The Bench was of the view that arbitration, which was to serve as an alternative dispute resolution mechanism had fallen into the traps of traditional litigation in terms of delay.

"It cannot be disputed that the Arbitration Act was brought into force and has been amended for speedy disposal of commercial disputes because of the pendency of cases before the ordinary civil courts for a number of years the commercial disputes remain pending."

It noted that the aim of the Commercial Courts Act and subsequent amendments to facilitate speedy disposal of commercial disputes have also not fructified.

"With similar object and purpose the Parliament came out with the Commercial Courts Act. The Parliament in its wisdom and with a view to see that commercial litigation are decided at the earliest, came out with an amendment in Arbitration Act and Commercial Courts by which it is mandated that Arbitration Proceeding and proceedings before Commercial Courts are decided preferably within one year."

Coming to the causes of the pendencies, Justice Shah identified the reduction of the pecuniary jurisdiction of the Commercial Courts from Rs. 1 crore to Rs. 3 lakh as one of the primary causes. He stated -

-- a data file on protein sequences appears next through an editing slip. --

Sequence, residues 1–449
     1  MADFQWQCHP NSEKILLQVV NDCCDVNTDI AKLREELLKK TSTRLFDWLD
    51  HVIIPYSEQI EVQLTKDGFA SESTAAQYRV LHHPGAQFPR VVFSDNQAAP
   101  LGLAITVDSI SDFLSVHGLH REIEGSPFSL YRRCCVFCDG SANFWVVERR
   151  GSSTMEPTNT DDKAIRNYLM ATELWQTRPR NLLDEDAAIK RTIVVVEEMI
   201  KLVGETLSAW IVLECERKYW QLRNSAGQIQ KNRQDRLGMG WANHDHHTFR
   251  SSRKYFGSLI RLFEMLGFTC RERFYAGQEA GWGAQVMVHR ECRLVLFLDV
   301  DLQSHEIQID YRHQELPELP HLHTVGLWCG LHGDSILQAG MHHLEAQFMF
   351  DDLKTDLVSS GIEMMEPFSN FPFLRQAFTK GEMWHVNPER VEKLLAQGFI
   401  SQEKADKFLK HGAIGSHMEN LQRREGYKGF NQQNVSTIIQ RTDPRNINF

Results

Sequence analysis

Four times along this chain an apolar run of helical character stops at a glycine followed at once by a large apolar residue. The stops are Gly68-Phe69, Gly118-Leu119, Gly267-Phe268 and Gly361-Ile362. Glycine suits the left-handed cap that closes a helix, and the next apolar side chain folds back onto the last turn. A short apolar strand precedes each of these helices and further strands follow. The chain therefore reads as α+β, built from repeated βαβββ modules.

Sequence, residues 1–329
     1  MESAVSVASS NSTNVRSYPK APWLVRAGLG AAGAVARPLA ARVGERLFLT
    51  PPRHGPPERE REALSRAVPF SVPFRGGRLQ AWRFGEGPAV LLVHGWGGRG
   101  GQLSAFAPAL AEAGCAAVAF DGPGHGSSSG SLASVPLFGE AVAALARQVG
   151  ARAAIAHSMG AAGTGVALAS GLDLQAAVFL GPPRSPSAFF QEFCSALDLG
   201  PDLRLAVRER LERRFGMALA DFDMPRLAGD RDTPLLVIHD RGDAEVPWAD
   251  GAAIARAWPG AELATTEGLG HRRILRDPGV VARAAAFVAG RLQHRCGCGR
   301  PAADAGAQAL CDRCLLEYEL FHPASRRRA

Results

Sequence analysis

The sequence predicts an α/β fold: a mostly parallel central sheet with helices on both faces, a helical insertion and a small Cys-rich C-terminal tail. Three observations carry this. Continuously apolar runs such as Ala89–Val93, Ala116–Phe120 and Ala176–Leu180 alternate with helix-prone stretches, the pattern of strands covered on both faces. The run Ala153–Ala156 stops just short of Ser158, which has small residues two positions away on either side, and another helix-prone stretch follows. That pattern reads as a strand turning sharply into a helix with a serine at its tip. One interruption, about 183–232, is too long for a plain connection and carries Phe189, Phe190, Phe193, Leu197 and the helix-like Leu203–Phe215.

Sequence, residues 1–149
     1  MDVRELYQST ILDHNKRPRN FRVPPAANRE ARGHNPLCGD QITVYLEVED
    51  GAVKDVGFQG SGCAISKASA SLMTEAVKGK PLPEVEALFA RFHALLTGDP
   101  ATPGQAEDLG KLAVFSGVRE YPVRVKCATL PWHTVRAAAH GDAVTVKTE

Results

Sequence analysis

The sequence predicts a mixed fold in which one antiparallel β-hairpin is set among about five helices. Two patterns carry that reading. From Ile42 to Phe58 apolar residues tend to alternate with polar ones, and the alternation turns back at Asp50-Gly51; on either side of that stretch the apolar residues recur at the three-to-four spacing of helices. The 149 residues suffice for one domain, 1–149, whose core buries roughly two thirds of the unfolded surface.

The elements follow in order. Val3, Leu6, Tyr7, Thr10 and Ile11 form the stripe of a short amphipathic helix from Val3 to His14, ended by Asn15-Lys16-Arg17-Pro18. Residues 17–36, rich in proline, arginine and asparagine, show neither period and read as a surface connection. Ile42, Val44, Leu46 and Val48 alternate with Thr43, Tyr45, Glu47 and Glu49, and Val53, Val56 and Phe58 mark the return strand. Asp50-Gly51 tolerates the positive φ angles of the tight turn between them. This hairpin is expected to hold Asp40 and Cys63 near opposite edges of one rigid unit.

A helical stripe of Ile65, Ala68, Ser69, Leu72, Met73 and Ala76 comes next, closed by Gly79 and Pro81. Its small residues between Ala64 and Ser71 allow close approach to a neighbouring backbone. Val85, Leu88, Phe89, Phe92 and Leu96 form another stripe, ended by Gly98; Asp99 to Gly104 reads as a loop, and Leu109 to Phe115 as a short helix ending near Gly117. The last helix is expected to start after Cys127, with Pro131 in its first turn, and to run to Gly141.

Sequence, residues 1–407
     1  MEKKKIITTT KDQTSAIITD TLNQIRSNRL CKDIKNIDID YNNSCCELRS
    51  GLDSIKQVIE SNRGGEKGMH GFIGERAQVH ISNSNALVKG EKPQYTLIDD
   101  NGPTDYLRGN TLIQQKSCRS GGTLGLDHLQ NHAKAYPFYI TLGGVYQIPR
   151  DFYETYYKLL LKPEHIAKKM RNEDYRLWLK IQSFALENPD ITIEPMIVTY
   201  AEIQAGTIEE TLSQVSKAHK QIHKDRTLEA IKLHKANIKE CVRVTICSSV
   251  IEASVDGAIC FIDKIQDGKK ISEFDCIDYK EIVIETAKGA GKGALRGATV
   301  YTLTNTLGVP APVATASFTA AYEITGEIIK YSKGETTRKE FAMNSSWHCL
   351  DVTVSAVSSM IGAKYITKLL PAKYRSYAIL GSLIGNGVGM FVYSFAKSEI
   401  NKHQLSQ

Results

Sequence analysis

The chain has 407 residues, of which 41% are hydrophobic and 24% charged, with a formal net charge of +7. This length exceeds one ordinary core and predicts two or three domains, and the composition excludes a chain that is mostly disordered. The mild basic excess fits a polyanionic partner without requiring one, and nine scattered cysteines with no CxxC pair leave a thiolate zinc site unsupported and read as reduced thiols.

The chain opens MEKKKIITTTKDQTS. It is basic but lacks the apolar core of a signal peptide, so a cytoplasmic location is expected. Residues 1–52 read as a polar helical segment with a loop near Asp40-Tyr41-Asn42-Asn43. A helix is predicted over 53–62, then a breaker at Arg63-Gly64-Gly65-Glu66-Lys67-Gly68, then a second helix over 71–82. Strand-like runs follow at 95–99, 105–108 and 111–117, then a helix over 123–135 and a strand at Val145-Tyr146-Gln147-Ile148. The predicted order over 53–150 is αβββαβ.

"Earlier the monetary limit for commercial courts was 1 crore, now it has been reduced to 3 lakhs. So the litigation in the commercial courts have increased. The legislature has to see to this and come up with an amendment. If it is 3 lakhs, then what is the difference between a normal court and a commercial court."

The Bench was apprised that pendency is also largely attributable to the repeated adjournments.

Justice Nagarathna responded saying -

"If adjournments are not given then the judge becomes unpopular and resolution is passed in the Bar Association. This is the hard reality of our District Courts."